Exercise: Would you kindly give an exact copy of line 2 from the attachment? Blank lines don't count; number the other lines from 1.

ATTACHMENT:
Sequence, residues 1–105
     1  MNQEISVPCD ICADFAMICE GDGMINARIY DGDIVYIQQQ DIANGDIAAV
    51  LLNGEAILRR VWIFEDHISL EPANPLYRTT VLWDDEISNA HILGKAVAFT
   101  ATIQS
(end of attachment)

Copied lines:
     1  MNQEISVPCD ICADFAMICE GDGMINARIY DGDIVYIQQQ DIANGDIAAV